Robin Chenoweth: Which gave Chao a point of comparison to his own middle school experience. Chris’s class probably had a teacher-student ratio of 1 to 30. Chao’s learning was wholly different, because he had been identified as gifted at math and attended a high school that offered higher-level courses.
Theodore Chao: I saw immediately there's such a disconnect here because I was a child who because I was pushed into these honors courses, because I was pushed into these accelerated math classes, I was always in small groups and given opportunities to really think through and work with my peers to have a lot of fun with math. I had never myself experienced some math in which you were told what to do. You're told this is how you get the right answer and if you keep doing this procedure then you get the answer and that's all you need to understand. And I remember very specifically that I saw that there was a huge problem, right? Not just in in math but just in the way that society treats children. That only children who show promise, or children who fit a certain stereotype. are allowed to think, and everyone else is told to follow.
Robin Chenoweth: Tutoring Chris allowed Chao to see that math was being used as a gatekeeper in the American educational system. People who score well on achievement tests take algebra as early as seventh grade, which sets them on the path of taking higher-level classes in all subjects. Those honors classes allow them a greater chance to score well on college placement tests, which gives them a better crack at getting into college. That same algebra class that Chris was fighting to pass? It’s the biggest arbitrator of who makes it into college, and who doesn’t. And whether Chris continued on to take another algebra class can correlate to how much he earns. The higher level the math, the higher his income, research shows. Chao began to obsess about how to teach Chris differently so that he could interact with the algebra on new levels.
Theodore Chao: This is the early days of the internet even, right? So it wasn't like today where you could find all sorts of YouTube videos and lesson plans online. I was scouring through all the texts really trying to get … of engaging him in really amazing deep algebra problems, not the standard problems that have one answer right of like, a train leaves Baltimore at this time and another train leaves Philadelphia this time, figure out when they meet. But problems that have multiple solutions or are complicated enough that you never really felt sure that you got it right. You just have to justify it. And that was fun.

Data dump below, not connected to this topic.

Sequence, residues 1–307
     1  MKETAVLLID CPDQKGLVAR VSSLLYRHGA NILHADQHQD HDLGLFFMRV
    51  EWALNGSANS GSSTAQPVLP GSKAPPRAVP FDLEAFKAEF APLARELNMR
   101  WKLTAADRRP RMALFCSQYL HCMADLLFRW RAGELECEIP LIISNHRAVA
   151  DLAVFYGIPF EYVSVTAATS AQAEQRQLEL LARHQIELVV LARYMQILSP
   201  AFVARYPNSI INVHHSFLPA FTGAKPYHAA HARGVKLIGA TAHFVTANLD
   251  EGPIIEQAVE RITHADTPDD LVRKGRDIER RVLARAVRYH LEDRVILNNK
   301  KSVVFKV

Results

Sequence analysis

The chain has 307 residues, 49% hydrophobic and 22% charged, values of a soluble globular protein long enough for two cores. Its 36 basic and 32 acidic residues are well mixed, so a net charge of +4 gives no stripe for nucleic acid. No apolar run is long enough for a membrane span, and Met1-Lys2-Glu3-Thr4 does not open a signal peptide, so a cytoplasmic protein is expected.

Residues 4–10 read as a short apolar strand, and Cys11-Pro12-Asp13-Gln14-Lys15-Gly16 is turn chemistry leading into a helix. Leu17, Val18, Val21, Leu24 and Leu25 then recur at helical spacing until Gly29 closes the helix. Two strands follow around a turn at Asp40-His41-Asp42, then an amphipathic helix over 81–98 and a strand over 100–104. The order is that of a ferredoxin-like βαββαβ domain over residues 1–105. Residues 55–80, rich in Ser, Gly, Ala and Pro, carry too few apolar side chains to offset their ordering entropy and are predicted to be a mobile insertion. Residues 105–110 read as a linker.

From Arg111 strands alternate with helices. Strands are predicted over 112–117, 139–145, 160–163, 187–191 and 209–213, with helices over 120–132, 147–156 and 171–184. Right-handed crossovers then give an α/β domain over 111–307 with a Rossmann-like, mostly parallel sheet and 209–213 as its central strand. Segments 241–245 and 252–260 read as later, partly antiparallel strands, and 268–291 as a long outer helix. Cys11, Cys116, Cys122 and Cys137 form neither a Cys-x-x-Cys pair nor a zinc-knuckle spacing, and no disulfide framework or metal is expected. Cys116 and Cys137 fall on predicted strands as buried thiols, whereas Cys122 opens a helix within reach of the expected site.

Robin Chenoweth: Chao spent hours preparing lessons, putting off the freelance programming work that he was beginning to hate. In the chaos that was 2001/2002, it became clear that he had reached a crossroads. He could wait until he got hired by another startup, or he could use his knowledge, compassion and his own marginalization to make a change for others. So he enrolled in an alternative teaching certification program for New York City Schools.
Theodore Chao: I did an alternative certification that gave me an emergency credential, so that I was directly in the classroom. I basically had, I think 12 weeks of training in a summer. And then I was thrown into a classroom right away. And while I was in the classroom I was going to work on my master's part time two nights a week.
Robin Chenoweth: He was assigned to IS 318 in Brooklyn.
Theodore Chao: I taught at IS 318. Injino de Jostos Intermediate School in South Williamsburg sort of at the intersection of Williamsburg and Crown Heights in Brooklyn, New York.
Robin Chenoweth: The same middle school that rapper Jay Z attended, and later the backdrop to his music video, Hard Knock Life.
Theodore Chao: In his music he talks a lot about the environment he grew up in, the Marcy projects, and places like that. And so I got to see what that community and what that world was like, beyond the stereotypes, and even beyond the sort of glorification that he uses in his music, about how rough and how difficult this neighborhood is and really see it for the vibrant community it was.
Robin Chenoweth: His students were African American, Dominican, Puerto Rican, Bangladeshi, Indian, Russian, Polish.
Theodore Chao: All mixed together in this one school in Brooklyn. And so it was fascinating to me, being in an environment in which you have these multiple generations of immigrant families, and all sort of shared under the banner that they're not white. Even a lot of the Polish students, what was interesting was, they ethically would be able to pass as white. But given the demographics of the school and the communities they’re from, they were definitely more positioned as new immigrants to the United States.
Robin Chenoweth: Chao quickly moved beyond the tropes of working in rough, drug-infested Brooklyn neighborhoods.